By measure nine we have shifted from a tonic harmonic reinforcement to a dominant harmonic reinforcement. The melody line could be fingered to be played across the fingerboard, but for tonal impact, the melody line stays mostly on the fourth string giving the fatter, warmer (in this case more sinister) sound of the wound string.
In measure 17 we return to the tonic and a form of the original melody. However the character of the melody has been altered by some additional flourish. The B that was pedaled over the melody is now joined by another B one octave higher and the effect to be desired is one of rolled chords. Pitfall: With that high B jangling away with the lower B to reinforce it, it becomes more difficult to make sure the melody is standing out. The two E's on beat one tend not to amplify the tonic, but almost add a muffled effect like a muted snare. (Maybe I'm just too colorful in the way I hear, but to me it feels like we are listening to a flamenco ensemble and rather than just one guitar playing, we have been ADDING guitars and the dancers and the magic of flamenco to the sound.
The right hand must be up to the task of keeping the various elements in their proper perspective; bass-line melody clear and articulated, the accompanying B from becoming strident, the second B from overwhelming them all and that quick, accented E on the fifth string starting in measure 17 sounding like a rhythmic input, not just a flubbed note! Make sure the i and m fingers alternate. Many guys fly through the A section using their thumb and first finger only!
Follow left hand fingering religiously because it was generated not so much to aid performance but to maintain melodic flow.
Harmonics is a term used to describe a phenomenon whereby a pitch is created by plucking a string while lightly holding a finger against that string so that it doesn't touch the fretboard. The resulting note (or notes) will be a different pitch than would otherwise be produced—in the case of twelfth fret harmonics (a natural harmonic) the pitch produced will be one octave higher than the open string—by the unaltered string.
The term comes from the theoretical realm of acoustical science. The harmonic series is a mathematical definition used to explain the generation of frequencies from a root pitch. The harmonic series is important in musical applications because most instruments (including guitar) produce sounds that contain harmonic frequencies. The natural frequencies of the string form a harmonic series.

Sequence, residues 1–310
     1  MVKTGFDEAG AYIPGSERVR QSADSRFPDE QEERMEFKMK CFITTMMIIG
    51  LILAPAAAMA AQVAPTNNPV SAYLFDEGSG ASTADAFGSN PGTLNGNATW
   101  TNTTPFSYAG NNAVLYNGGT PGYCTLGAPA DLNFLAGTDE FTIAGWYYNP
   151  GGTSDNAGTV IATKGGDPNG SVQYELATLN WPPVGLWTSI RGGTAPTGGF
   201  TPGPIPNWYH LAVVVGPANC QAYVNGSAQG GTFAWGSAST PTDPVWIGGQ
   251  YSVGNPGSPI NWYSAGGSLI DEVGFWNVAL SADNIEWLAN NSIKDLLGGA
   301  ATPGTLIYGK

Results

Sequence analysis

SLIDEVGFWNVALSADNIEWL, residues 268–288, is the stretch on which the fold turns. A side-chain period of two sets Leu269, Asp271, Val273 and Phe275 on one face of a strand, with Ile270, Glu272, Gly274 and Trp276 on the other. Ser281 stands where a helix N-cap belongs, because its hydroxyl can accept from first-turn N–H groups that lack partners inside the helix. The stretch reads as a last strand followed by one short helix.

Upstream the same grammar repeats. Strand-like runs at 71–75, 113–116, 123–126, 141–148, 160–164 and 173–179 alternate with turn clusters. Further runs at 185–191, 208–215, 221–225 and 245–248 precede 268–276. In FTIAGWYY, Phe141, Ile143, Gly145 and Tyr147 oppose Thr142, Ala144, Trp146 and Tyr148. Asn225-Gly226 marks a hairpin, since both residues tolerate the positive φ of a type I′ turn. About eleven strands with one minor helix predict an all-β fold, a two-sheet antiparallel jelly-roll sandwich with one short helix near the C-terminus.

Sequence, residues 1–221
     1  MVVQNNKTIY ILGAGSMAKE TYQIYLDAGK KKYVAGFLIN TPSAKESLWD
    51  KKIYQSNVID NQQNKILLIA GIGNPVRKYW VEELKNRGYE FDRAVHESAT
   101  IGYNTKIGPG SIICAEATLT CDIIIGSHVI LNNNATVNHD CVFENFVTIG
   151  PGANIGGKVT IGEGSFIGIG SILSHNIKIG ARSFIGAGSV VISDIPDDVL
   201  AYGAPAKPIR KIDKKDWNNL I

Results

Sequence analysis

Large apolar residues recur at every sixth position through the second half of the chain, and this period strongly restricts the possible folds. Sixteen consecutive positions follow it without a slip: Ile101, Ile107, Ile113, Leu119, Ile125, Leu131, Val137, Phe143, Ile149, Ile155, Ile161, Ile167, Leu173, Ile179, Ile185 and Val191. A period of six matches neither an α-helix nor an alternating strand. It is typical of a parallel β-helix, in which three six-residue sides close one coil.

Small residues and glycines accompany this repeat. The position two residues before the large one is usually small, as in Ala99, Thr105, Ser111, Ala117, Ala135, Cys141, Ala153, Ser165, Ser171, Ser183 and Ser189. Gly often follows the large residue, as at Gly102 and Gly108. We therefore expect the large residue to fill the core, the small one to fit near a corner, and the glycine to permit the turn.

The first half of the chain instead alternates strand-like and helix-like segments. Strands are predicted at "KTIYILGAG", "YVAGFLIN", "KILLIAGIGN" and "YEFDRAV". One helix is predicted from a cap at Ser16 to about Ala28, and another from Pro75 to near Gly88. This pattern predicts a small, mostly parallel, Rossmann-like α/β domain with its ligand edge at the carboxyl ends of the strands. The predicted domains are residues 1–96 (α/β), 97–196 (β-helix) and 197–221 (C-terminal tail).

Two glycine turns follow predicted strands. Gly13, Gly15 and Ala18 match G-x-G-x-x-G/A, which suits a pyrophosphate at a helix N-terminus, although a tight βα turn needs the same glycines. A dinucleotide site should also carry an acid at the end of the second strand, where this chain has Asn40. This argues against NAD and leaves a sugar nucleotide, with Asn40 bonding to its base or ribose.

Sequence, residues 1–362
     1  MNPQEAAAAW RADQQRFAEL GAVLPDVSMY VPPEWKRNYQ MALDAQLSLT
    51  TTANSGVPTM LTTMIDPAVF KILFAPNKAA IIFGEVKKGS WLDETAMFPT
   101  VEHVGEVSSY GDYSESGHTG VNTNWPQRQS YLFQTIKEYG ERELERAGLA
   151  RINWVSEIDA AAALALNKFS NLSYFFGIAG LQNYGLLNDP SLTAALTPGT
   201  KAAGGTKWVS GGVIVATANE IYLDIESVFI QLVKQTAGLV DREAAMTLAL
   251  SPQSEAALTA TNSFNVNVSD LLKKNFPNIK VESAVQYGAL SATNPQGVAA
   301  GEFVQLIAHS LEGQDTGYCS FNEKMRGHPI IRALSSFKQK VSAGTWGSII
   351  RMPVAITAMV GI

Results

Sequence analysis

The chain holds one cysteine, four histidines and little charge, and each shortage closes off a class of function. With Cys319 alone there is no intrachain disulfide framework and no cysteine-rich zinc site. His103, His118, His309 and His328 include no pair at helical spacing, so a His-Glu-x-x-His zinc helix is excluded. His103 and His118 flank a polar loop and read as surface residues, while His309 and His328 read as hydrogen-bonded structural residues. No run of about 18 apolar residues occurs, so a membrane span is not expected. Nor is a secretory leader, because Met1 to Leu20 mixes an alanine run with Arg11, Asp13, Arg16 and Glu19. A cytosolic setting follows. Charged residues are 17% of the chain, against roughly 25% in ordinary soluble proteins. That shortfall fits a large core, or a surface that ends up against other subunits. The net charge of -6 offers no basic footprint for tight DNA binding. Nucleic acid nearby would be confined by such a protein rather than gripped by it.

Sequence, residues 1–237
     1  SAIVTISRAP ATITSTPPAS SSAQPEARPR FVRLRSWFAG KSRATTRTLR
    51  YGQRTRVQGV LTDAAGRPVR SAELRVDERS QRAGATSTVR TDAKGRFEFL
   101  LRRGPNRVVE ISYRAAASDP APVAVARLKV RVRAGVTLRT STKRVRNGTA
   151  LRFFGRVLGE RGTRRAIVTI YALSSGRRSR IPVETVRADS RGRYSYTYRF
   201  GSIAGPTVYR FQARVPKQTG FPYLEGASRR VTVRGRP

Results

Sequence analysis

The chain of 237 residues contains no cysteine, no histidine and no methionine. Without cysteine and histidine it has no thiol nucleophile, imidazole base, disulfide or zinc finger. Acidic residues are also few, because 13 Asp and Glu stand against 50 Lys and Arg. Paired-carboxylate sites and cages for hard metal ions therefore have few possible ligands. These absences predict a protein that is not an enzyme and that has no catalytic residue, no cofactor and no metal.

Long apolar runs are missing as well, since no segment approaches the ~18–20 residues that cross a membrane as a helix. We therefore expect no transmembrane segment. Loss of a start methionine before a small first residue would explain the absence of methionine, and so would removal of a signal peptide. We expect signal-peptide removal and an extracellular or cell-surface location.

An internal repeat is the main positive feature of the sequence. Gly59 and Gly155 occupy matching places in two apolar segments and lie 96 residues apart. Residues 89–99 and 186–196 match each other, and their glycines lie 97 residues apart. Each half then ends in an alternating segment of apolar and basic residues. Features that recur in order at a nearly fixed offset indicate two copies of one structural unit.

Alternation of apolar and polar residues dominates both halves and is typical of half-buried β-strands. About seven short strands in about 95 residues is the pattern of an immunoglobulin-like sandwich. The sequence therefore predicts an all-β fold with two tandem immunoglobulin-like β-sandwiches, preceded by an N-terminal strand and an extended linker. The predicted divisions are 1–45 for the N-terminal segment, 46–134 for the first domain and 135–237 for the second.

Consider the harmonic series in terms of musical intervals. The first harmonic is the fundamental. The second harmonic is an octave above. The third harmonic is an octave and a fifth above the fundamental. The fourth harmonic is two octaves above the fundamental. The fifth harmonic is another major third higher, the sixth is another minor third higher, etc.
Guitar 'harmonics' are created when you lightly touch the string with your finger at specific positions and then pluck the string. This causes both sections of the string, to the right and left of the spot you're touching, to vibrate simultaneously, giving a bell like quality to the note. It works only if the finger is removed quickly as you pluck. What is being accomplished is that the fundamental is being subtracted from the note and only the harmonics remain to be heard.
Natural harmonics are the easiest to produce. A good place to begin is the 12th fret of the first string. With your fretting hand, lightly touch the finger against the string directly above the 12th fret. Do not hold it down, just touch it. Then pluck it. Release the string with your fretting hand. If done correctly, the result should he a high-pitched, ringing E, the same note as normal fretting will produce. There are three points that are easiest to produce natural harmonics along the string: the fifth, seventh and twelfth frets—all directly above the fret-wire, not the wood between the wire. At these points, the string is divided exactly into fourths, thirds and halves respectively. At the 12th fret, they are the same note, at the 7th fret, the harmonic is one octave higher than the fretted note, the 5th fret, the harmonic is the 'fifth' of the fretted note, but 2 octaves higher. In other words, on the E string, the fretted note at the 5th fret is an A note, but the harmonic played at the 5th fret is an E note two octaves The purity of sound comes from these perfect fractions of string ringing together. If you try it anywhere else on the
string, you hear a very slight harmonic or nothing at all useful! Execute this technique at the 7th, 5th, and 4th frets, as in the list of natural harmonics: each will produce even higher sounds, much higher than can be produced on the guitar without using harmonics.